Take a moment to reflect on your surroundings right now.
When you think about it, they are ultimately a reflection of decisions you’ve made in the past – either some time ago or even more previously.
You made the decision to buy the couch you’re sitting on, or the headphones you’re listening in.
You made the decision to select the house or room you’re situated in as your environment for the day.
You made the decision to not only wear the shirt you’ve got on, but the pants as well.
You made the decision to purchase this book when you could have purchased any other (thank you for that, by the way) and you made the decision to be holding it in your right or left hand.
You made the decision of what to eat for breakfast this morning and dinner last night.
And this isn’t even to mention the larger decisions you’ve made in life up until this point such as the career you’re in, the partner you’ve selected or the sports team whose colours you bleed.
Its suggested that the average human adult will make around an astounding 35,000 decisions per day from moment to moment.
How many of those they actually remember I’m sure you can assume is far, far less.
And that doesn’t even suggest that the decisions being made are the right or accurate ones.
With stress and added external pressure, you can be sure the accuracy of those decisions goes down – quickly.
So when it comes to making a buying decision on top of everything else we have to decide on any given day, its only fair enough that we would want to keep our thinking to a minimum, for it needs to be preserved!
Thinking takes effort.
Gathering data and evidence to make informed decisions takes time.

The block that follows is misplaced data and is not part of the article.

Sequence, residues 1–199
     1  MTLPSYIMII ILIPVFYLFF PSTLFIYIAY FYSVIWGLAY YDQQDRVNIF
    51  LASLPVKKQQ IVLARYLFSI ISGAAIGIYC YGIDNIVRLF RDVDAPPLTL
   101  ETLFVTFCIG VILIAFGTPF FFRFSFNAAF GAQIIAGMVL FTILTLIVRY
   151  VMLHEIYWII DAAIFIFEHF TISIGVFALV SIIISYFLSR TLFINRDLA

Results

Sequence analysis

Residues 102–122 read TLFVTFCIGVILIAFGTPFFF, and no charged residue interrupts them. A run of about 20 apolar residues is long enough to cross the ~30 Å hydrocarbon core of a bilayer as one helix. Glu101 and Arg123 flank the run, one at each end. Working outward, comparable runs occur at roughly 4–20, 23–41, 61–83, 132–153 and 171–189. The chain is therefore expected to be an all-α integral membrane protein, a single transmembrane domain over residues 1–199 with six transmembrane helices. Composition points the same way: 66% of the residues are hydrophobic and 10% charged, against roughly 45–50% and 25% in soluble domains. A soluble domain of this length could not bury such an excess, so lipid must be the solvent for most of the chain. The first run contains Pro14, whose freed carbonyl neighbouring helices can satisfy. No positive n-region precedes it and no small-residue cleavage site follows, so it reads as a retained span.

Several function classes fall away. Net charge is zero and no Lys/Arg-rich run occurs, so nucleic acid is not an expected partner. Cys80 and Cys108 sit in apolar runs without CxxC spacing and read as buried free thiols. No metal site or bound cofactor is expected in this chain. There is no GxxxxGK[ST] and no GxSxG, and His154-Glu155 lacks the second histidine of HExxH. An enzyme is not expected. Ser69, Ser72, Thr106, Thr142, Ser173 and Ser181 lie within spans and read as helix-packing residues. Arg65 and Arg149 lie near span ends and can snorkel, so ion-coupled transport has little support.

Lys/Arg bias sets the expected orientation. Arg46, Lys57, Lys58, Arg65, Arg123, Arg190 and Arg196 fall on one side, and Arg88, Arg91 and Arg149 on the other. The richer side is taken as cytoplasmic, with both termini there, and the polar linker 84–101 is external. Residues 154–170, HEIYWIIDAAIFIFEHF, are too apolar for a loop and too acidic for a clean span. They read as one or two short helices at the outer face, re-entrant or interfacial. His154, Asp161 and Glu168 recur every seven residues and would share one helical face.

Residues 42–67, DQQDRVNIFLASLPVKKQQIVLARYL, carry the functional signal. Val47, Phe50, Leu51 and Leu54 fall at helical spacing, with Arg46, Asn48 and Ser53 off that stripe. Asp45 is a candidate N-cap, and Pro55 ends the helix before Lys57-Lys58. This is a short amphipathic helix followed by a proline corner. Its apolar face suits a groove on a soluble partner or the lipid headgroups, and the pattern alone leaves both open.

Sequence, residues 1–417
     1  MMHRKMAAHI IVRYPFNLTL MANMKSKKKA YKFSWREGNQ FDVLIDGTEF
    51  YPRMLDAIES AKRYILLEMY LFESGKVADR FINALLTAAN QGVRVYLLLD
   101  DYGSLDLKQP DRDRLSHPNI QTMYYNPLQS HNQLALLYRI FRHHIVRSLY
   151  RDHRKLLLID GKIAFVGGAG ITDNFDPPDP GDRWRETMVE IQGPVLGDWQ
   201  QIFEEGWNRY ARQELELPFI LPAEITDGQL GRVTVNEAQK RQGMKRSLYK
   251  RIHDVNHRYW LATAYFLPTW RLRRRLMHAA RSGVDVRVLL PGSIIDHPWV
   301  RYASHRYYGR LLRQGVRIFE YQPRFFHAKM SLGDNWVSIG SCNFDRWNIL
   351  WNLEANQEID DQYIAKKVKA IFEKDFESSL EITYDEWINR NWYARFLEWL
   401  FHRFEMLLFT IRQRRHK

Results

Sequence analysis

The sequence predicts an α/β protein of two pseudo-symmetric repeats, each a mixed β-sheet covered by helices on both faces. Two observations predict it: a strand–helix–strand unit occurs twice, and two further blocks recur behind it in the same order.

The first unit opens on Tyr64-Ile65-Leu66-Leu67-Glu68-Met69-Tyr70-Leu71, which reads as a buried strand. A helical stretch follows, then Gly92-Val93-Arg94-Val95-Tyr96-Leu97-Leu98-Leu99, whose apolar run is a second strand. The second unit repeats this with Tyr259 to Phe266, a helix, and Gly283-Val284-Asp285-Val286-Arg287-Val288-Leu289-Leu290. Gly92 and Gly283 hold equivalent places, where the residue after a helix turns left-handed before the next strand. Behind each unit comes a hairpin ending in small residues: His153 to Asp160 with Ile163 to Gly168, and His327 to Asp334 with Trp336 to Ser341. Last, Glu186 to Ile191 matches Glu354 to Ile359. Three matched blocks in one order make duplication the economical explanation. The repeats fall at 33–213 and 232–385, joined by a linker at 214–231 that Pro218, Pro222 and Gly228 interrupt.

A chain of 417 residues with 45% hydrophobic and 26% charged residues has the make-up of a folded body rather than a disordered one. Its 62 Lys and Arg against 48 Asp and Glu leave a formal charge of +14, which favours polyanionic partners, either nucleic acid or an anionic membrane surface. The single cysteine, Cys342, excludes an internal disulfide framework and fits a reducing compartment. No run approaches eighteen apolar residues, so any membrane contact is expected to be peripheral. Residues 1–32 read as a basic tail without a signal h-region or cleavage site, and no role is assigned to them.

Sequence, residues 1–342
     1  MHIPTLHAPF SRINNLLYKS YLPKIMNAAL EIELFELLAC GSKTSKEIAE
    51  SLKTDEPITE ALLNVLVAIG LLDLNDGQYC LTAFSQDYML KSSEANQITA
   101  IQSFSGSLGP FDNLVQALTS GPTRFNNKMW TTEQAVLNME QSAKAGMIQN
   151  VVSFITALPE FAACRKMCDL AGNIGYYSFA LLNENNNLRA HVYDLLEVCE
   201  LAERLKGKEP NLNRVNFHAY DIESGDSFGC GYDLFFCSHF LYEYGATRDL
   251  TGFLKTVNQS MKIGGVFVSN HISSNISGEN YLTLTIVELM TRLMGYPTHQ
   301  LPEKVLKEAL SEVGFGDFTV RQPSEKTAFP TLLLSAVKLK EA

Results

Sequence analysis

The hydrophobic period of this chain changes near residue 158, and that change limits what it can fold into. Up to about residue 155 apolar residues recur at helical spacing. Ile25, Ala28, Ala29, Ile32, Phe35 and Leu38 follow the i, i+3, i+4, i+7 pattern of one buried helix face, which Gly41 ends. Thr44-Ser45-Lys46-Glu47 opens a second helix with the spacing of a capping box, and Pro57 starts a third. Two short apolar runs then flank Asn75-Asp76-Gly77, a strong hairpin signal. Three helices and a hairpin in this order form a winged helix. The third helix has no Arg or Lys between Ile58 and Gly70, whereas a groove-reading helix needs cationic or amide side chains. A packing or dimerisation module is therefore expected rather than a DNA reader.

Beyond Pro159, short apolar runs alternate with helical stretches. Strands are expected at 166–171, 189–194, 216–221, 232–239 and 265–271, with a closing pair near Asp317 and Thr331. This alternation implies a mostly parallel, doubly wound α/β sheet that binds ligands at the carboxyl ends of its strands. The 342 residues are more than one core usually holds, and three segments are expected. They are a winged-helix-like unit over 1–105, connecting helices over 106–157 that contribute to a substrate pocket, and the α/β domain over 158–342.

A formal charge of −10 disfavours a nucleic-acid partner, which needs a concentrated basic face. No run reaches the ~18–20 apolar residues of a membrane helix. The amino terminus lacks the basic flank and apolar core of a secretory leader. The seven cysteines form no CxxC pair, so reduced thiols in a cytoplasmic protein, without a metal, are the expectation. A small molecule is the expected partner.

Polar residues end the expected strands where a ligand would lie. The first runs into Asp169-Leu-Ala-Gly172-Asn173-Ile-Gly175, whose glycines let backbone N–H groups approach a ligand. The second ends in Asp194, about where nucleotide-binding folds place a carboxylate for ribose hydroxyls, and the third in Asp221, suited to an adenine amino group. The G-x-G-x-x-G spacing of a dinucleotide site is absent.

Fumbling over a decision can be embarrassing.
Making the wrong one can make us look foolish.
That’s why we connect with salespeople and marketers, they help us come to the conclusions we are too lazy to come to ourselves.
And in doing so, we give up a lot of our authority and power in the direction or outcome of the buying decision.
We become subservient to their suggestion, powerless to their persuasion, a passenger on the bus driving to a destination of their choosing.
We do this because we see more value in trusting them than we do in spending our own time figuring out what the right choice is.
When it comes to decision making, we are actually far lazier than we would like to admit.
And we, therefore, buy from those who make our decision making process a whole lot easier, because of our laziness.
There’s no doubt about it: our time, attention and money happily go to those who can take away the hassle out of buying and make the entire process as smooth as possible.
Darcy J Smyth is the lead trainer and creator of the Tonal Persuasion Method for Sales. The methodology designed to ensure you are closing sales without the need for the dreaded ‘Hard Sell’ that turns so many buyers away in the modern business landscape.